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Technical Paper

Design Considerations for Advanced Ceramic Catalyst Supports

Stringent emissions standards with 95+% conversion efficiency requirements call for advanced ceramic catalyst supports with thinner walls, higher cell density and optimum cell shape. The extrusion technology for cellular ceramics has also made significant progress which permits the manufacture of advanced catalyst supports. Similarly, modifications in cordierite chemistry and the manufacturing process have led to improved microstructure from coatability and thermal shock points of view. The design of these supports, however, requires a systems approach to balance both the performance and durability requirements. Indeed as the wall gets thinner, the contribution of washcoat becomes more significant in terms of thermal mass, heat transfer, thermal expansion, hydraulic diameter and structural stiffness - all of which have an impact on performance and durability. For example, the thinner the wall is, the better the light-off performance will be.
Journal Article

Diesel Emission Control in Review

This summary covers the developments from 2007 in diesel regulations, engine technology, and NOx and PM control. Regulatory developments are now focused on Europe, where heavy-duty regulations have been proposed for 2013. The regulations are similar in technology needs to US2010. Also, the European Commission proposed the first CO2 emission limits of 130 g/km, which are nearly at parity to the Japanese fuel economy standards. Engines are making very impressive progress, with clean combustion strategies in active development mainly for US light-duty application. Heavy-duty research engines are more focused on traditional approaches, and will provide numerous engine/aftertreatment options for hitting the tight US 2010 regulations. NOx control is centered on SCR (selective catalytic reduction) for diverse applications. Focus is on cold operation and system optimization. LNT (lean NOx traps) durability is quantified, and performance enhanced with a sulfur trap.
Technical Paper

Effect of Thermal Mass and Aging on CO-NOx Crossover and Light Off Behavior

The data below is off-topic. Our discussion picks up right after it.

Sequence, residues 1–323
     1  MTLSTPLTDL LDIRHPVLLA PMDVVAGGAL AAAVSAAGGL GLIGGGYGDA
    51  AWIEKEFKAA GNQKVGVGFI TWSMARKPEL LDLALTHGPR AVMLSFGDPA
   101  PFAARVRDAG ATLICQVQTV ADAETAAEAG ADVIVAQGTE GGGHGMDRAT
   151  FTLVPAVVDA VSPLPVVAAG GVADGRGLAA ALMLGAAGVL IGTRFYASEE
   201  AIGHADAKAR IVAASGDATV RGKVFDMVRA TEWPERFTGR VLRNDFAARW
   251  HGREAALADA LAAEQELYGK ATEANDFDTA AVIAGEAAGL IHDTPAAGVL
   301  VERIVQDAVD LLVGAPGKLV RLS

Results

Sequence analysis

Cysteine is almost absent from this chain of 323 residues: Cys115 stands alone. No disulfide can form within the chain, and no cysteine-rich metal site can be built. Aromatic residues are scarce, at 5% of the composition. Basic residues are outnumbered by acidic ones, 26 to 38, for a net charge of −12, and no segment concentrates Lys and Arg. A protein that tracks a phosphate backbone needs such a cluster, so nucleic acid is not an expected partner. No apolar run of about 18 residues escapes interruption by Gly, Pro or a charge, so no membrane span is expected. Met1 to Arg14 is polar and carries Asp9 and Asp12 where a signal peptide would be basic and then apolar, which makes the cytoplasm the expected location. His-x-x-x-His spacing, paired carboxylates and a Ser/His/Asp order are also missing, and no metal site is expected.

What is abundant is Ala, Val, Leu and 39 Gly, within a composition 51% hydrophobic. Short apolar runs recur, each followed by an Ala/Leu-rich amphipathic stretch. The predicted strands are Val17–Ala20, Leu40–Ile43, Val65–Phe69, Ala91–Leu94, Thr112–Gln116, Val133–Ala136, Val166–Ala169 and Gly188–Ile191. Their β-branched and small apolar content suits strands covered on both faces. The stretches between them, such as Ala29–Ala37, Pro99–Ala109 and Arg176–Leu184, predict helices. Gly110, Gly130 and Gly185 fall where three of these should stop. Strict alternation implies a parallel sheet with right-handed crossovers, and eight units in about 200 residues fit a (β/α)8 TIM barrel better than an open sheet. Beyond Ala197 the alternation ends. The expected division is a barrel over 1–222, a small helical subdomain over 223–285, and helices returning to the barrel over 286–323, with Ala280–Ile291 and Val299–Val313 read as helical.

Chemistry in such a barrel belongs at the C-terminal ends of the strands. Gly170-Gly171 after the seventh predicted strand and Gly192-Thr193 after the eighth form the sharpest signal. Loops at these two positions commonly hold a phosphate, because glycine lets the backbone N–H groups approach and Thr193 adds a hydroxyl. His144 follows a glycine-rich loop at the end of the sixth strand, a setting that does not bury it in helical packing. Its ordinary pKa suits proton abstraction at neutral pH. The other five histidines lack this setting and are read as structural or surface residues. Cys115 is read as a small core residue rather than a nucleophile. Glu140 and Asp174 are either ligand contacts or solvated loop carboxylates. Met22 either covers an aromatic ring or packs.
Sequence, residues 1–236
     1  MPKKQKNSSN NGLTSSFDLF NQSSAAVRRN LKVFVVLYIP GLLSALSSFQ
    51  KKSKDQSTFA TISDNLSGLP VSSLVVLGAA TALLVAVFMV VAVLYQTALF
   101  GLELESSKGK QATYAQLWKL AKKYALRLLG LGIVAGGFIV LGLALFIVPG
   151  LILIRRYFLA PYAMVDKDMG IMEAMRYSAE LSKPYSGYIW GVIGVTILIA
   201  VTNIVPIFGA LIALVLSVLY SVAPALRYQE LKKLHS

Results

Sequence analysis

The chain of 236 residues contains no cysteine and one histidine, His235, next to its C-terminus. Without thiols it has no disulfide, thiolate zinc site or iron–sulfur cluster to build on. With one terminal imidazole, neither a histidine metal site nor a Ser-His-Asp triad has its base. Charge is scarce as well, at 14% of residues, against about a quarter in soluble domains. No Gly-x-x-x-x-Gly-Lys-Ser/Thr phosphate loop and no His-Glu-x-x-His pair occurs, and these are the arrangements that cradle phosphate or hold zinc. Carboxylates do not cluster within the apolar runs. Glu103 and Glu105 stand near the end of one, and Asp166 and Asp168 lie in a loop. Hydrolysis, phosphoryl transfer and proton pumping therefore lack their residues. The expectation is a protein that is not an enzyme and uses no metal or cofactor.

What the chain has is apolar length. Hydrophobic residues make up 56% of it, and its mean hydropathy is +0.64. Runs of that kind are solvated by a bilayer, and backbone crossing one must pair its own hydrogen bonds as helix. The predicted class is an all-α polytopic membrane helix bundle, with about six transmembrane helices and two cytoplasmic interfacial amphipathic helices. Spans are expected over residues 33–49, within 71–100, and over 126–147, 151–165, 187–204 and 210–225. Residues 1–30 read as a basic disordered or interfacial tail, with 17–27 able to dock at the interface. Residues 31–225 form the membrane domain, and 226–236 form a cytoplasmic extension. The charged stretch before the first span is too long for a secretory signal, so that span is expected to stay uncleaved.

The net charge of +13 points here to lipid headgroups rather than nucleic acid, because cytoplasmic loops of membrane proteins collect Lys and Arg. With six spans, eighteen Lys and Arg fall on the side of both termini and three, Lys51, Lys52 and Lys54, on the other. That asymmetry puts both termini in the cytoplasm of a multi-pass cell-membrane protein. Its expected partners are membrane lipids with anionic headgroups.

The tightening of emissions regulations has required changes in many areas of vehicle systems, including calibration strategies, catalytic converter strategies and exhaust configurations. Engine calibration strategies can be engineered to complement the performance parameters of the converter. Knowledge of the precise window of converter performance for different substrates can therefore provide guidance in targeting engine calibration strategies as well as selecting compatible converter systems within calibration constraints. In a previous paper [5], we explored the effect of thermal mass on emissions performance in the context of the FTP. This paper expands on the previous work and explores the effect of the aging cycle and thermal mass differences on CO-NOx crossover and light-off profiles. This analysis provides a tool to assist in design by defining a window of performance in the converter to be used in matching to a window of operation in the calibration.
Technical Paper

Erosion Mechanisms and Performance of Cellular Ceramic Substrates

High emission performance standards and precious metals costs have pushed the catalytic substrate toward high cell density and thin wall, such as the 600/4, 600/3 and 900/2 products. Due to the inherently lower mechanical strength of these products, coupled with a shift from underbody to close-coupled placement, a concern was expressed that the severe thermal and mechanical conditions may cause structural damage to the substrate, which in turn could impact the catalyst performance. One source of reduced performance during use is the loss of catalyst due to erosion. A previous study1 indicated that the existence of particulate in an air-stream could cause substrate erosion. However, it was not clear if other factors could contribute to or accelerate the erosion process. In order to address this question, experiments were performed to examine the influence of high velocity flow, temperature, impingement angle, particulate characteristics, and coating effect on erosion.
Technical Paper

Evaluation of In-Line Adsorber Technology